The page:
In what would be yet another blow to the embattled automaker, Toyota is considering recalling an unspecified number of its Corolla subcompact cars due to complaints about the power steering,
according to the Associated Press.
Toyota says that it has received 80 complaints from drivers of 2009 and 2010 Corollas and that these drivers describe losing control over the steering. This could be caused by something unrelated to the power steering system, such as braking or the tires.
In his review on Cars.com, Kelsey Mays noted, “The Corolla imparts a sloppy driving experience. Hit an expansion joint while rounding an off-ramp, and the wheels shimmy sideways significantly. The steering wheel has a comfortable on-center feel, but it turns with a numb, distant feel, and hard corners elicit plenty of body roll.”
The Corolla is the best-selling car worldwide, and while it is not clear how many cars a recall would net, it would be significant.
More Toyota recall news after the jump:
- The Los Angeles Times reports on the National Highway Traffic Safety Administration launching “an extraordinary challenge” to Toyota with three investigations questioning how the automaker handled its recall of vehicles for sudden acceleration issues. NHTSA has demanded engineering reports, internal communications and customer complaints, among other documentation. It also wants access to employees who knew about the complaints. The agency, which had previously closed six of eight investigations into sudden acceleration of Toyotas, now wants to know how promptly and adequately the automaker issued and executed its recalls.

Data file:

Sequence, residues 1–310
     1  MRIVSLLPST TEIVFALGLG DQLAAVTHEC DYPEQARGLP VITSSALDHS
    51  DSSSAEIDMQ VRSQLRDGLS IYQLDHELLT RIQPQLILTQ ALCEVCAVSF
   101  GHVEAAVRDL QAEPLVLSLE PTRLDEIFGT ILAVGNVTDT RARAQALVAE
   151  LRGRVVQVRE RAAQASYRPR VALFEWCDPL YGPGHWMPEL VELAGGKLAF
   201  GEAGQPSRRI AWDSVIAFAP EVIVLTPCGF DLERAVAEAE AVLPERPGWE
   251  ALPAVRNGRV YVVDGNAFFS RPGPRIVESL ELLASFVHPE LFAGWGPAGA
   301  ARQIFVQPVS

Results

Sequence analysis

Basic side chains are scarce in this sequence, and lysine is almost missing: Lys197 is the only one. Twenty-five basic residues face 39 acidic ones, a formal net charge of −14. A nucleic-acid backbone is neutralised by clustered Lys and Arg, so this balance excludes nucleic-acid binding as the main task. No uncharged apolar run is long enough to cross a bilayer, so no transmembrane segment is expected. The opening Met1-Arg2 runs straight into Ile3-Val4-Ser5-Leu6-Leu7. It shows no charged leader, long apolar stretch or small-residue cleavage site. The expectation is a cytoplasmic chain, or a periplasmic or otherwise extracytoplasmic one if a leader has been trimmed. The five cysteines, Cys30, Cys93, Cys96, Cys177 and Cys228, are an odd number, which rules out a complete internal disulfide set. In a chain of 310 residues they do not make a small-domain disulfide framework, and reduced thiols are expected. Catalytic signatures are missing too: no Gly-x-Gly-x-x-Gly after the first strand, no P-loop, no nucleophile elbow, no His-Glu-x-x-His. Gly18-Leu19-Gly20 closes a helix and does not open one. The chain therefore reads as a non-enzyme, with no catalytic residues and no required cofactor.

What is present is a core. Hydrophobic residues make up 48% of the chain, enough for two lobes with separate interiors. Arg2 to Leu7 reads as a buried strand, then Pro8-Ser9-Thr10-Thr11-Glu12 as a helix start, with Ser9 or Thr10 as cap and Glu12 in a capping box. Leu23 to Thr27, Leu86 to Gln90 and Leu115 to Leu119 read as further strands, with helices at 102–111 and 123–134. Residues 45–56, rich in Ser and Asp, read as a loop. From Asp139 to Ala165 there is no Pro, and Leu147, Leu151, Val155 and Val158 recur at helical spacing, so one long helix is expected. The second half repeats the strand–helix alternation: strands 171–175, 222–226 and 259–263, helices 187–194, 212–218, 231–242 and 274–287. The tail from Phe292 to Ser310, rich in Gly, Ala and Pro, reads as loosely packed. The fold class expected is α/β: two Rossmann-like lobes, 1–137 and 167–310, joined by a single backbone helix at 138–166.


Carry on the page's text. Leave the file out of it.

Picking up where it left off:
- Toyota President Akio Toyoda has said he will not attend congressional hearings in Washington and gives his full backing to Toyota’s North American chief, Yoshimi Inaba. Inaba is scheduled to appear before the U.S. House Oversight and Government Reform Committee on Feb. 24. Toyoda has said he will appear if a formal request is made.
- Agitation has grown over what Toyota’s black boxes might be able to say about accidents involving the automaker’s vehicles. The black box is similar to an airplane’s, though less sophisticated. The event data recorder tracks vehicle and engine speeds, braking, accelerating, throttle positions and other data important in determining what happened in an accident. According to Daily Finance, similar devices in cars built by U.S. automakers can have their data retrieved by third parties, but Toyota’s black box data can be viewed only by Toyota.
- Toyota’s pain may be Korean automakers’ gain, according to Kelley Blue Book. Recent market data suggests that Kia and Hyundai are benefiting the most from Toyota’s troubles as their customers become more loyal to those brands. Loyalty and consideration for those owners looking at new Kia and Hyundai models have jumped by 17.1 and 10.5 percentage points, respectively. Chevy and Ford have also benefited, increasing their loyalty and consideration numbers by 6.5 and 4.6 percentage points, respectively. Meanwhile, Toyota’s brand loyalty has fallen 6.5 percentage points after its slew of recalls.